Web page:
We are committed to making the EU work better for Britain.
How Labour will work for real change in Europe
By Douglas Alexander - 14 March 16:12

We need to boost Europe’s competitiveness, avoid a race to the bottom on skills and wages and ensure EU migrants contribute to our economy and our society.

Baidu's suggested search feature is very revealing.
What Baidu’s search autofill reveals about the soul of the average Chinese web surfer
By Christopher Beam - 14 March 12:54

“What do I do if I'm ugly?”, and other questions.

Moscow liberals are discovering that the ground has shifted beneath their feet since Putin came back to power in 2012. Photo: Getty
While the west watches Crimea, Putin is cracking down in Moscow
By Julia Ioffe - 14 March 12:06

There’s suddenly not much left of the independent media in Russia, even of what little of it there was left after Putin’s first two terms at the wheel.

Laura Bates of the Everyday Sexism project in the film “Shouting Back” by Dan Reed.
Everyday Sexism speech to the UN: “Sexism and sexual harassment is not a ‘women’s issue’ – it is a matter of human rights”
By Laura Bates - 13 March 14:45

To describe sexism, sexual harassment, and sexual violence as “women’s issues” side-lines and reduces them, neglects male victims and lets perpetrators off the hook. One in three women on the planet will be raped or beaten in her lifetime.

Women observe the festival of Rishi Panchami in Kathmandu. Photo: Poulomi Basu/WaterAid
What is life like when your period means you are shunned by society?
By Rose George - 11 March 10:00

How can you cope when having your period puts your health at risk? Rose George reports from Nepal and Bangladesh on menstrual taboos.

A Syrian greengrocer next to a bombed out building in the Shaar district of Aleppo, February 2014. Photo: Mohammed al-Khatieb/AFP/Getty Images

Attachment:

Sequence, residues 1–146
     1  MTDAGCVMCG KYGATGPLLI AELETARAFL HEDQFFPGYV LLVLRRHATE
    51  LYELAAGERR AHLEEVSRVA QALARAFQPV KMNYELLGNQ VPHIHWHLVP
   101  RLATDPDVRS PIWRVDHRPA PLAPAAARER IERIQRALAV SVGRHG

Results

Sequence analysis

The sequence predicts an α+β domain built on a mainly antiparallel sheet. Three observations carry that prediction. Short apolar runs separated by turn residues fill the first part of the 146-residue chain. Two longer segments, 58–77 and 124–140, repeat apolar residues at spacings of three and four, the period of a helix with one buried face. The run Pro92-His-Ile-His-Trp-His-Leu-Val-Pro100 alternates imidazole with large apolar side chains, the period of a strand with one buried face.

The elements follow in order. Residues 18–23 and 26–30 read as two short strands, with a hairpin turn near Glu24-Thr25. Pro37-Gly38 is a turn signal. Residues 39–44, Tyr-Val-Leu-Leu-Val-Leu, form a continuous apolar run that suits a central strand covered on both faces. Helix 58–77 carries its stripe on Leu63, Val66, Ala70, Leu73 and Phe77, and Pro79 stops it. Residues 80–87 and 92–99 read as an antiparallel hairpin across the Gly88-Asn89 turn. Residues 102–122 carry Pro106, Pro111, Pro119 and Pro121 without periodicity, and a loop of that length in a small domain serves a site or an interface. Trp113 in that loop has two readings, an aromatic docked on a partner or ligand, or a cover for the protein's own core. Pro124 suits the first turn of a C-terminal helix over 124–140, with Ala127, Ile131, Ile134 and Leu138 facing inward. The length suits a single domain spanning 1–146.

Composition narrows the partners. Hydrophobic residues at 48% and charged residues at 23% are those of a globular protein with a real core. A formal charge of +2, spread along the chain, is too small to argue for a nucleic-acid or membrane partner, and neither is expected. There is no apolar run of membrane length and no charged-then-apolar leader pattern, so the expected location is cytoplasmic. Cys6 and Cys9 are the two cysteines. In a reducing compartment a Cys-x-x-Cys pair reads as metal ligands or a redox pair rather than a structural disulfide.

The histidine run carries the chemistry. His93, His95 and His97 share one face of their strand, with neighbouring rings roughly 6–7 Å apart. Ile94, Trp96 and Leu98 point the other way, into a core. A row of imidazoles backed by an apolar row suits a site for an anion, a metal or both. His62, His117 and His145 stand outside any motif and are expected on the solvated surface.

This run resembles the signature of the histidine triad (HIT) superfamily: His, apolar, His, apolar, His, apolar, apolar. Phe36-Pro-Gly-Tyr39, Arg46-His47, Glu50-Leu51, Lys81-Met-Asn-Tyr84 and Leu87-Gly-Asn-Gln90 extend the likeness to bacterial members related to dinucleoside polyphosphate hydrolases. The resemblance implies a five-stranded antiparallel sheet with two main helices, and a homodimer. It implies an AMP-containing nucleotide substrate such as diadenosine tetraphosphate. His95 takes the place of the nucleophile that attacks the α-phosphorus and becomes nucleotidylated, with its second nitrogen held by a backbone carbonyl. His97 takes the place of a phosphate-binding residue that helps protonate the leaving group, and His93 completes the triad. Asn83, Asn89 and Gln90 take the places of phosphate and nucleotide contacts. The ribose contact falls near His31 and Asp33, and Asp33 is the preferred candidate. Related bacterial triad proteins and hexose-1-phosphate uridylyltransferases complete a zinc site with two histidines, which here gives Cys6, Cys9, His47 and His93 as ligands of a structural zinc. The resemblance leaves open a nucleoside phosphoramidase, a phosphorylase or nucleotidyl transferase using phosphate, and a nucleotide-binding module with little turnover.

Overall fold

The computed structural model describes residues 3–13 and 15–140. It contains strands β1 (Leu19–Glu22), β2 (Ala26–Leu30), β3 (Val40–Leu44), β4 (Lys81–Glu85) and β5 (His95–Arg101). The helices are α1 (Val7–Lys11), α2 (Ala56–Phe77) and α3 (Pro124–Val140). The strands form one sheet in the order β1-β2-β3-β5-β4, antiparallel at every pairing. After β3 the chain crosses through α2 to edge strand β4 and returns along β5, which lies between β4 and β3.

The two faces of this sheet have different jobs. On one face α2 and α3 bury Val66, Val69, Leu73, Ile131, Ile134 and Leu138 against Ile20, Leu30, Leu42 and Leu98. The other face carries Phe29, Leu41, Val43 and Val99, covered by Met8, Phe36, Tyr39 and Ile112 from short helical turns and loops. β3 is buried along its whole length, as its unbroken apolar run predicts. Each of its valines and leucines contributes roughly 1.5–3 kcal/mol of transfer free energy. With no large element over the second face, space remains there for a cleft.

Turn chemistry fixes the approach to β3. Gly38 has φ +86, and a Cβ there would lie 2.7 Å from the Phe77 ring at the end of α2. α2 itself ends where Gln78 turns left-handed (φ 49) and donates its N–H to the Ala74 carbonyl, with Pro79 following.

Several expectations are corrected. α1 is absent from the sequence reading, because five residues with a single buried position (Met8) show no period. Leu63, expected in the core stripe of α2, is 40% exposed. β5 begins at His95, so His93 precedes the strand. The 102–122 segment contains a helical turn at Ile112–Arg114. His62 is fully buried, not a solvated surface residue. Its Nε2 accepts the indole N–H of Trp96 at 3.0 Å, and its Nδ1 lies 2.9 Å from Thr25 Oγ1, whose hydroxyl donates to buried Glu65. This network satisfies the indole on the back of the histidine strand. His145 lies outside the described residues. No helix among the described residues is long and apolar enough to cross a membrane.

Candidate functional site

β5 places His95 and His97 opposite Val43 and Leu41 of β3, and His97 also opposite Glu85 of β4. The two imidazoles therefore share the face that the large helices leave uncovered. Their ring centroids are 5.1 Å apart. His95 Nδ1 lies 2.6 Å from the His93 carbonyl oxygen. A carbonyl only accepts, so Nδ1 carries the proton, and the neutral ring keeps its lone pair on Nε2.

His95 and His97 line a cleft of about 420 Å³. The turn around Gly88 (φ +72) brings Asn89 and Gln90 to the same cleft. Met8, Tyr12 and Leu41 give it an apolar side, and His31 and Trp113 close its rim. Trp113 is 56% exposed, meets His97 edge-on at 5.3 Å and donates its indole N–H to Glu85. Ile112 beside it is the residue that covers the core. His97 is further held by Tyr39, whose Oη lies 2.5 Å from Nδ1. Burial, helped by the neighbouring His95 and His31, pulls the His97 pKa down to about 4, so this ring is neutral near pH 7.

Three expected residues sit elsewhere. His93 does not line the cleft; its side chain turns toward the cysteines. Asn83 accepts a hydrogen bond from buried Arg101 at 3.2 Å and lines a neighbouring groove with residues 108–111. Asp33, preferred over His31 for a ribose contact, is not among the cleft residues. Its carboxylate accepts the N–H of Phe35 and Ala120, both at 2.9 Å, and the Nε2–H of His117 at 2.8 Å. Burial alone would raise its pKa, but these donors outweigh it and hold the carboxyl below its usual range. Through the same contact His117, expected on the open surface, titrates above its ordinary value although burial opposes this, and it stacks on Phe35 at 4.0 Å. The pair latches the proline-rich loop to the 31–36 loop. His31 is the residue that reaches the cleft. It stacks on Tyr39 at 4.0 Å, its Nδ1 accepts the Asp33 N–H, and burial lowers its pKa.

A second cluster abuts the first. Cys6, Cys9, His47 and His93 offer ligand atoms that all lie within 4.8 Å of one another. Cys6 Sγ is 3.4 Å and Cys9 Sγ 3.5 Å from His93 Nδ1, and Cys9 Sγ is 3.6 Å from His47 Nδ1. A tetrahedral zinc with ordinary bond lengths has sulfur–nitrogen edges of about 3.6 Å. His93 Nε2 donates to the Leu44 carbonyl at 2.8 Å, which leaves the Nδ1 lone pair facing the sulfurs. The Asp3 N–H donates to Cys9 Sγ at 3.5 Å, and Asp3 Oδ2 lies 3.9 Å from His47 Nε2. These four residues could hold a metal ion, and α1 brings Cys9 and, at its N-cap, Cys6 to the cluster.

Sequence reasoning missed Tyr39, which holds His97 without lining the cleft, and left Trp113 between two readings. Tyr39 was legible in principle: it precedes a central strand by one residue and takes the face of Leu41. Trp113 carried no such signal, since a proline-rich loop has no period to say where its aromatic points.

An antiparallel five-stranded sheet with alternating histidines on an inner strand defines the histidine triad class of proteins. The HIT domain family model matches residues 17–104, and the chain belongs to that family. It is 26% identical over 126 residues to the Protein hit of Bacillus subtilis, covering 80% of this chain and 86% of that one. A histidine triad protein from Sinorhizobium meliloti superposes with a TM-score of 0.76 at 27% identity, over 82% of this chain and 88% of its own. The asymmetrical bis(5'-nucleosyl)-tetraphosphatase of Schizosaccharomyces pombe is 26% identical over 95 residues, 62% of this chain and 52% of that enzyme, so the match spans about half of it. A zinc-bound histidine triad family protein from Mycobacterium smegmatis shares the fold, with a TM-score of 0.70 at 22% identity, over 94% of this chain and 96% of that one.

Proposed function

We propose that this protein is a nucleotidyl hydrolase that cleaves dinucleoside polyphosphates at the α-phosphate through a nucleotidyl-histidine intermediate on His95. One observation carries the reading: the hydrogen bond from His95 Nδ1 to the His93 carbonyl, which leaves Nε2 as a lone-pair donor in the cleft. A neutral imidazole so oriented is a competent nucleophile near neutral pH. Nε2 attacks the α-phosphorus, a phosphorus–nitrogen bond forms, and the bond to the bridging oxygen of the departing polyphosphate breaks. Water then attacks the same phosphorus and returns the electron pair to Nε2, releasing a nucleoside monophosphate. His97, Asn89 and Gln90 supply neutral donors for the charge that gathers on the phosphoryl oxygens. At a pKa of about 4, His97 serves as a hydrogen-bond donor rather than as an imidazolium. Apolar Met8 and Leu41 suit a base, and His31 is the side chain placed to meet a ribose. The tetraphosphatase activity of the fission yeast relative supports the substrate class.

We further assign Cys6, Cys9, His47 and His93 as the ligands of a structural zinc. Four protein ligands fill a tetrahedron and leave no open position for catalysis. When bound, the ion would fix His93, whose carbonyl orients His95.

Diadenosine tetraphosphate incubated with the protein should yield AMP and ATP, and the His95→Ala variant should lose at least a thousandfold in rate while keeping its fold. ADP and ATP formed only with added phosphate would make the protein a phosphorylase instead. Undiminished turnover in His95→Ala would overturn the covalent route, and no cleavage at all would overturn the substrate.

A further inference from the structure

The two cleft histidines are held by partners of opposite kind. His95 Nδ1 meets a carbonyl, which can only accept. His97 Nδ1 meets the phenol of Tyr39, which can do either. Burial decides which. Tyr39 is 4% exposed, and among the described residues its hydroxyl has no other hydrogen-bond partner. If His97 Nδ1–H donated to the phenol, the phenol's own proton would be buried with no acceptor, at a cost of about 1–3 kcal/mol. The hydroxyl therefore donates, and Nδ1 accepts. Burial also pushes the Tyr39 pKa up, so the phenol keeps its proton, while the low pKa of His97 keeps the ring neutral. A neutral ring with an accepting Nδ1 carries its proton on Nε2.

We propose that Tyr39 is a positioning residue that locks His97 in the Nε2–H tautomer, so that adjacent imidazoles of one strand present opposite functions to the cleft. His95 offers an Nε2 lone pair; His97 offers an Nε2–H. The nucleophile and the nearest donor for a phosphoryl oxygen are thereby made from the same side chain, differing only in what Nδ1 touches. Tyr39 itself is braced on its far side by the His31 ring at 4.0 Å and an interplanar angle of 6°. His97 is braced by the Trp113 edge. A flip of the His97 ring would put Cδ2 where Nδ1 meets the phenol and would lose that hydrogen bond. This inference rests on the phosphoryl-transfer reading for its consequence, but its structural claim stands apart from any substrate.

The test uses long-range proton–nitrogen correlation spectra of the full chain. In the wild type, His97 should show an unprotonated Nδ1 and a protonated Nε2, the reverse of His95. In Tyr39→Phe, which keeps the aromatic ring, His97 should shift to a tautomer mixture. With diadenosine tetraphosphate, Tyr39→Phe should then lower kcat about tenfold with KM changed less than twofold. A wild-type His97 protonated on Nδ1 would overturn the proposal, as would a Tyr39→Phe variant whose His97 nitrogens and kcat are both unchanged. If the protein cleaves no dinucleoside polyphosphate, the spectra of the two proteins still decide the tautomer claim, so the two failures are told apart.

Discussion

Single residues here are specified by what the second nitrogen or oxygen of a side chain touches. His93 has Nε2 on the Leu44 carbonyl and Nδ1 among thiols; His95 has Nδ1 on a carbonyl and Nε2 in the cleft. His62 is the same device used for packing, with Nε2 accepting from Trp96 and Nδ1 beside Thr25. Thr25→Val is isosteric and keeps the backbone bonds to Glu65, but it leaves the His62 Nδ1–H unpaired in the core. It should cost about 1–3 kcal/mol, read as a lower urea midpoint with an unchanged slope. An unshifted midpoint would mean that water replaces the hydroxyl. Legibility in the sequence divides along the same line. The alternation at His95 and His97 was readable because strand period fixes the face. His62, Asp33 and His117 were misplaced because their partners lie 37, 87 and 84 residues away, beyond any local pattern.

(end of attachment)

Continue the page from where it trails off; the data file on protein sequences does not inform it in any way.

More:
Jeremy Bowen: I know there’s trouble in the Middle East when I need my flak jacket, gas mask and Kevlar pants
By Jeremy Bowen - 07 March 17:00

The BBC’s Middle East editor on John Kerry striking the wrong tone over Ukraine, and remembering the Aleppo souks.

A surprising degree of consensus.
The main parties agree on the EU far more than they suggest
By Pawel Swidlicki - 07 March 14:47

Beyond the bluster and rhetoric, there is a surprising degree of consensus on the reforms needed.

Vladimir Putin by André Carrilho for the New Statesman
Leader: Why we need to be honest about Vladimir Putin
By New Statesman - 06 March 13:36

Whatever the Kremlin apologists say – and regardless of the ancient historical and cultural affinities involved – there are few benefits for citizens of Crimea likely to result from their de facto annexation by Russia.

Art regeneration: Viktor Hulik's 1997 street-level statue of "Cumil the Peeper" in Bratislava
Slovakia: life after the velvet divorce
By Angus Roxburgh - 06 March 10:00

Why the former Czechoslovakian state, which gained its “Velvet Divorce” from the Czech Republic in 1993, is one of Europe’s quiet successes.

A third of women in the EU have faced sexual or physical violence
By Sophie McBain - 05 March 15:10

Denmark, Sweden and Finland had the highest rates of violence against women, despite the countries' reputation for promoting gender equality. Why?